Disease Severity Not Operative Approach Drives Organ Space Infection Following Pediatric Appendectomy
Fergal J Fleming*1, Kristin N Kelly*1, Christopher T Aquina*1, Christian P Probst*1, Katia Noyes*1, Walter Pegoli*2, John RT Monson1
1University of Rochester Medical Center, Surgical Health Outcomes and Research Enterprise, Rochester, NY;2University of Rochester Medical Center, Deptartment of Pediatric Surgery, Rochester, NY
While controversy exists regarding the risk of increased postoperative intra-abdominal infections following laparoscopic appendectomy, this approach has been largely adopted in the treatment of pediatric acute appendicitis. This study examines patient and operative factors associated with organ space infection (OSI) in children following appendectomy.
Children ages 2-18 years undergoing open or laparoscopic appendectomy for acute appendicitis were selected from the 2012 ACS Pediatric NSQIP database. Univariate analysis compared patient and operative characteristics with 30-day OSI rates. Factors with a p<0.1 and clinical importance were included in the multivariable logistic regression. A p-value <0.05 was considered significant.
For 5,097 children undergoing appendectomy 4,481(87.9%) cases were performed laparoscopically. OSI occurred in 155(3%) children with half of these infections developing post-discharge. Significant predictors for OSI included complicated appendicitis, wound class III/IV, preoperative sepsis, and longer operative time(Table 1). Although 5.2% of patients undergoing open surgery developed OSI(OR=1.94; CI: 1.30,1.89, p=0.001), after adjustment for other risk factors operative approach was not associated with increased relative odds of OSI(OR=0.99; CI: 0.64,1.53, p=0.948). Overall, the model had excellent predictive ability(c-statistic=0.836).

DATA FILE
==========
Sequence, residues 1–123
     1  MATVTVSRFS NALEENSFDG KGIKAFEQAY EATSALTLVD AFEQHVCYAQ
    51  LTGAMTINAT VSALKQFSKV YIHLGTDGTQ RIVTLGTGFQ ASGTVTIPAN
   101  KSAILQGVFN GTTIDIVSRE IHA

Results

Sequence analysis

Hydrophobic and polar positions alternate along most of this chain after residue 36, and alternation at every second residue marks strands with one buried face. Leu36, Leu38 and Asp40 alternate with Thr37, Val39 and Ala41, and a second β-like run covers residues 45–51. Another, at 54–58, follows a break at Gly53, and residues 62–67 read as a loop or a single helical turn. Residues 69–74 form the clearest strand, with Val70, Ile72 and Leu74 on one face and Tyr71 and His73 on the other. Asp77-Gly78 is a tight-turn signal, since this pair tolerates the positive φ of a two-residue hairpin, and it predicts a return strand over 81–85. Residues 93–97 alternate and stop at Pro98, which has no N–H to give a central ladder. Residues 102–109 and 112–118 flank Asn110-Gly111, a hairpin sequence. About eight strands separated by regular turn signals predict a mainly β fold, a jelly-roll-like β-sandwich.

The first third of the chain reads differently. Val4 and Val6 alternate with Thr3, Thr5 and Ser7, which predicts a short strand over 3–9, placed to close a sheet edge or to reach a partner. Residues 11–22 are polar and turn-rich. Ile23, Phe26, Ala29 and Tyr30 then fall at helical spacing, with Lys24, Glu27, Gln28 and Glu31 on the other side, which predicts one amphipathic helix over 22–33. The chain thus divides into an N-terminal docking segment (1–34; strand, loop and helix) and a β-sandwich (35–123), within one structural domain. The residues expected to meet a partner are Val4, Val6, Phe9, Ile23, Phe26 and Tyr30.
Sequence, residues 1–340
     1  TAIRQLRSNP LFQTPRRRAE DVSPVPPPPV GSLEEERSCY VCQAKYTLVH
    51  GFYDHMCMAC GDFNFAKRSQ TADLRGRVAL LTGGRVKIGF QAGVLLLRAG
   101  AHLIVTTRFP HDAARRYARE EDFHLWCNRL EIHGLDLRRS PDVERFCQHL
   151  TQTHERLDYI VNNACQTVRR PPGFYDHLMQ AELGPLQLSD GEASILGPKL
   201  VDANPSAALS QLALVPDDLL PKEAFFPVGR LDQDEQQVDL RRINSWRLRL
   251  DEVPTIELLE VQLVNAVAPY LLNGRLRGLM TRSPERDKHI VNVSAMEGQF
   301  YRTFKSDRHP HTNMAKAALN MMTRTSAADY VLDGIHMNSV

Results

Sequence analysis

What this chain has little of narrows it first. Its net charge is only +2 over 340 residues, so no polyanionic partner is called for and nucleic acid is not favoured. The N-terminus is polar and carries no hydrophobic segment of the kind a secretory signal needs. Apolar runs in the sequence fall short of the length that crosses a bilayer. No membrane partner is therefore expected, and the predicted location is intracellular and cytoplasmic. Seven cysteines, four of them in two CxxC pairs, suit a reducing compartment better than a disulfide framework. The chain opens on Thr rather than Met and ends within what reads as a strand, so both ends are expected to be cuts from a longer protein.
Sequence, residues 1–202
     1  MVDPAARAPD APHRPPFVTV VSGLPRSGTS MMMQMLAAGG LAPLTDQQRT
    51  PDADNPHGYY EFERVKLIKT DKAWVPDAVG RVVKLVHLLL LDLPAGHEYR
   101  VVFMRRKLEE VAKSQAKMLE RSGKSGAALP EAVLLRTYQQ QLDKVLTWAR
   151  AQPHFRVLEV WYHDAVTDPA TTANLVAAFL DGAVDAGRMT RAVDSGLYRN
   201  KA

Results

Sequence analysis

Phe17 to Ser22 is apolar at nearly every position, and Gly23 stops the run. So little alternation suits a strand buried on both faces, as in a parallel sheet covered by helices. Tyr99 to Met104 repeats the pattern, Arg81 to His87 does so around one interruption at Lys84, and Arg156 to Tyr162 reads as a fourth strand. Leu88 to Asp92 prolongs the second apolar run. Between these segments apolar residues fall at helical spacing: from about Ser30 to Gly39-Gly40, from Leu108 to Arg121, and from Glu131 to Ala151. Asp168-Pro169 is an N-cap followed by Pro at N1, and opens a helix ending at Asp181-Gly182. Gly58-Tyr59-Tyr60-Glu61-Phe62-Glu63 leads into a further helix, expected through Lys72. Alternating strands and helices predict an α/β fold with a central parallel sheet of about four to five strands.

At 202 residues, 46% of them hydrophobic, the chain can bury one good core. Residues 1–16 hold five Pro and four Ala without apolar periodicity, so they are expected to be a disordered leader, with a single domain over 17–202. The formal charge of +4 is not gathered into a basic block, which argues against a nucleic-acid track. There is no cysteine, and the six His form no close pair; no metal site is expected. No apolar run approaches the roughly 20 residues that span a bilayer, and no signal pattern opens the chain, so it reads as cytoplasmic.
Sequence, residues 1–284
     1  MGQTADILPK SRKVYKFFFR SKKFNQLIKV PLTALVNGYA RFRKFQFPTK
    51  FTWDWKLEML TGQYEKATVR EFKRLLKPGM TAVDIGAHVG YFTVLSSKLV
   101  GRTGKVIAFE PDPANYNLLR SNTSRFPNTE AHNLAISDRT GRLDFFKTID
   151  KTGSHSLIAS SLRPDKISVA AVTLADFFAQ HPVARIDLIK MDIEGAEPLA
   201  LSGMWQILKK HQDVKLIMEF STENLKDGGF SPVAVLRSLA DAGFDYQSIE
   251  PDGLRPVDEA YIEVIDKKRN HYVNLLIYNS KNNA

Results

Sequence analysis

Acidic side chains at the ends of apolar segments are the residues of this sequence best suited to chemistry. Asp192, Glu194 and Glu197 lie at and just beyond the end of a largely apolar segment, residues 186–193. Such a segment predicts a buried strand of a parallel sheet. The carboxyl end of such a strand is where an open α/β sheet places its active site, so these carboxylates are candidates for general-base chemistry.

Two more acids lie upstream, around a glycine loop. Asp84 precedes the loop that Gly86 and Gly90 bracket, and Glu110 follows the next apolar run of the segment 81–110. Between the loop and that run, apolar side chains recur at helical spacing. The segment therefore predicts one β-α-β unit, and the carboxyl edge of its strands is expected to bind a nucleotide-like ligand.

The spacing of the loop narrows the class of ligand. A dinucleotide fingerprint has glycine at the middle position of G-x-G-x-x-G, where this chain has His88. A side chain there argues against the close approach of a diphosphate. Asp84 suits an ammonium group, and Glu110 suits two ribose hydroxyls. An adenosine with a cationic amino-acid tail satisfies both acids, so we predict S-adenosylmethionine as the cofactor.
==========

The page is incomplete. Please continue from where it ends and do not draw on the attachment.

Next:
This model demonstrates that disease severity, not operative approach as previously suggested, drives OSI development in children. While 88% of appendectomies in this population were performed laparoscopically, these findings support utilization of the surgeon’s preferred surgical technique and may help guide postoperative counsel in high risk children.
|Variable||Adjusted Odds Ratio||95% Confidence Interval||p-value|
|Complicated appendicitis (peritonitis or perforation/abscess during operation)||5.39||3.42, 8.50||<0.0001|
|Wound class III/IV (vs. I/II)||4.35||1.97, 9.62||<0.0001|
|Preoperative sepsis/septic shock||2.52||1.73, 3.65||<0.0001|
|Operative Time (per 10 minute increase)||1.06||1.04, 1.10||<0.0001|
|Age (per one year increase)||1.05||1.00, 1.09||0.047|
|Open surgery*||0.99||0.64, 1.53||0.948|
|Model also controlled for sex, pulmonary comorbidity, obesity, and emergency operations.|
* Patients were classified by the intent to treat; cases that were converted from laparoscopic to open were considered in the laparoscopic group.
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